In order to find new songs for this blog I spent a day in the National Library of Wales in Aberystwyth and another listening to archive recordings at the National History Museum at St Fagans, near Cardiff. I was particularly looking for English language songs which had been collected in Wales – there must be more English language songs from Wales out there than those which are in the Welsh folk repertoire at the moment and I’m really keen to find them! There were a few interesting English songs in St Fagans but, when listening to some collected from Bertie Stephens, I came across several Welsh language songs which I hadn’t heard before and which I will be sharing here in the coming months.

After my day in St Fagans ‘Mae William Ar Ôl’ (‘William is Left’ or, more literally, ‘It’s William who is Left’) was the song going round and round in my head so this is the song I chose to learn first. I have a feeling the tune is related to a hymn tune but I can’t think which – leave a comment below if you know! I sang the song for the first time at the session I attend at The Pineapple pub in Kentish Town, London. The folk singer Gavin Davenport was there and he commented that the tune is similar to the English song My Barney (a version of My Bonnie Lies Over The Ocean) written by Harry Clifton. Both songs are about missing someone who’s gone away but one is sung from the point of view of the parents and the other from the lover’s. As there are numerous folk songs lamenting the loss of a loved one I think the similarity in the topic is probably just a coincidence.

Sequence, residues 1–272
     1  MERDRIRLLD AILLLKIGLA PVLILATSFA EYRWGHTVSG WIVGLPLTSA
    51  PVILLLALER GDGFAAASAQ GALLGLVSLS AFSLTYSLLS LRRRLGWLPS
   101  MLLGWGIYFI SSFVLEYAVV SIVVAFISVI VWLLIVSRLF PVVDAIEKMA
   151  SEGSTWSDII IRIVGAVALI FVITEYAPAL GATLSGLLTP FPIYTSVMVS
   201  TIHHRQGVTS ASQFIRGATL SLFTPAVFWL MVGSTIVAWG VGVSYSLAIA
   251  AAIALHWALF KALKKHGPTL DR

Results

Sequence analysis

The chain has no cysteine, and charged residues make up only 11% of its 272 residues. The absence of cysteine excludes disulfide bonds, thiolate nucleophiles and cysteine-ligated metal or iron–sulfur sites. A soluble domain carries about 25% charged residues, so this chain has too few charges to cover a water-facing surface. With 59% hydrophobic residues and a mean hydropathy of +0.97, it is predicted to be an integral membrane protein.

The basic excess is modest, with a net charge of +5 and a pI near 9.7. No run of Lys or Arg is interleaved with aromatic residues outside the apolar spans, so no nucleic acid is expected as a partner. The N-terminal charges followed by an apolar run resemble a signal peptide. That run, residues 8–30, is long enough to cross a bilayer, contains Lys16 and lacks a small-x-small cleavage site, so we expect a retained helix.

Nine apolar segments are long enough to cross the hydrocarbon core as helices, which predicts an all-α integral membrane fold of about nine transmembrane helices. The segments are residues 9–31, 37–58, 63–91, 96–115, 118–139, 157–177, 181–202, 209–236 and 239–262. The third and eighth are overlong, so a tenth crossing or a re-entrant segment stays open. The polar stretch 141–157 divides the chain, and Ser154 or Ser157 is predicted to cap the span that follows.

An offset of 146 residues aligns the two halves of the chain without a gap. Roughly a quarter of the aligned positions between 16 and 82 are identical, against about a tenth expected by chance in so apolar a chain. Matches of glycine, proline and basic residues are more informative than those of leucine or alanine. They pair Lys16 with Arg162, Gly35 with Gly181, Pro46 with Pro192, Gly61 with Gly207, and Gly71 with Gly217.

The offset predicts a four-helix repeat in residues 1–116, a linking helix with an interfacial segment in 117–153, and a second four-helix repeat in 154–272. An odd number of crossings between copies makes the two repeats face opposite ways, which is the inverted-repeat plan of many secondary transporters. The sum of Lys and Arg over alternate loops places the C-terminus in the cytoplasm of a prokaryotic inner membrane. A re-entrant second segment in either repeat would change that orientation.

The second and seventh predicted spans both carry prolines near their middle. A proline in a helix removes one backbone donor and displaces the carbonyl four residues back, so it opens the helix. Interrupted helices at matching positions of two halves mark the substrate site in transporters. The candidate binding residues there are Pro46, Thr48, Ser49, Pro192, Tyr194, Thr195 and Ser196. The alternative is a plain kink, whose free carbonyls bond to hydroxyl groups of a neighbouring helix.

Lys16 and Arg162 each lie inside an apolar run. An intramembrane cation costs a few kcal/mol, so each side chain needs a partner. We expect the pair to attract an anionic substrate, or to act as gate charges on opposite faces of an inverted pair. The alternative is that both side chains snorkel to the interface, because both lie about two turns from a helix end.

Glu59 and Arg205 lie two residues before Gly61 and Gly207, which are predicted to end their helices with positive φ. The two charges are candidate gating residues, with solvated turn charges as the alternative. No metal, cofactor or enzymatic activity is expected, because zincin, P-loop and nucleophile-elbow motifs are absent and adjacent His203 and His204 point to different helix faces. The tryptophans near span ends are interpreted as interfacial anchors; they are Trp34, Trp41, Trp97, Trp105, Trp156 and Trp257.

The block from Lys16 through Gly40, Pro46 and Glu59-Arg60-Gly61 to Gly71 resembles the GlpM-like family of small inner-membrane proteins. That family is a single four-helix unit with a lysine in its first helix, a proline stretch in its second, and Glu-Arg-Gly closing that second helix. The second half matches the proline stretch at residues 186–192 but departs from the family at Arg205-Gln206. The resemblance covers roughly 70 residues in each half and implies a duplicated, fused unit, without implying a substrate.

In the St Fagans records the song is called ‘He Left His Home in Disrepute’ but I suspect this is just because Bertie didn’t give it a specific name when it was recorded. I decided to change the name to reflect the subject and the refrain better.

The words are well crafted and paint some very emotional scenes such as the moment when we see a father crying at his wife’s funeral because his son isn’t there to experience it alongside him. The song talks about the pain parents, especially the father in this instance, go through when their children go away. In this case it’s not clear why the boy has gone away.

I’ve got 4 theories about why William left home:

  1. He did something to bring shame upon his family (“he left his family in disrepute“) and he’s running away. The parents understand why he feels he needs to leave but don’t want to him to go.